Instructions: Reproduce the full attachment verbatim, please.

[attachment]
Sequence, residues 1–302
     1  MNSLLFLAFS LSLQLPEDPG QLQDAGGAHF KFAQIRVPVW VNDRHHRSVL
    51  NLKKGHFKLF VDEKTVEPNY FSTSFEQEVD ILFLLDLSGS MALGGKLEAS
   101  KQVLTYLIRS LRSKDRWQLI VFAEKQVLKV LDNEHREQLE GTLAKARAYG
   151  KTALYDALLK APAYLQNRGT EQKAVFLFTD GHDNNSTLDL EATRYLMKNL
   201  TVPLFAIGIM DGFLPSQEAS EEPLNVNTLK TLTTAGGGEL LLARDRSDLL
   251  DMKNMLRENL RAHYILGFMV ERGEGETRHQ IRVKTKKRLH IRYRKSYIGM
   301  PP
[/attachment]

Sequence, residues 1–302
     1  MNSLLFLAFS LSLQLPEDPG QLQDAGGAHF KFAQIRVPVW VNDRHHRSVL
    51  NLKKGHFKLF VDEKTVEPNY FSTSFEQEVD ILFLLDLSGS MALGGKLEAS
   101  KQVLTYLIRS LRSKDRWQLI VFAEKQVLKV LDNEHREQLE GTLAKARAYG
   151  KTALYDALLK APAYLQNRGT EQKAVFLFTD GHDNNSTLDL EATRYLMKNL
   201  TVPLFAIGIM DGFLPSQEAS EEPLNVNTLK TLTTAGGGEL LLARDRSDLL
   251  DMKNMLRENL RAHYILGFMV ERGEGETRHQ IRVKTKKRLH IRYRKSYIGM
   301  PP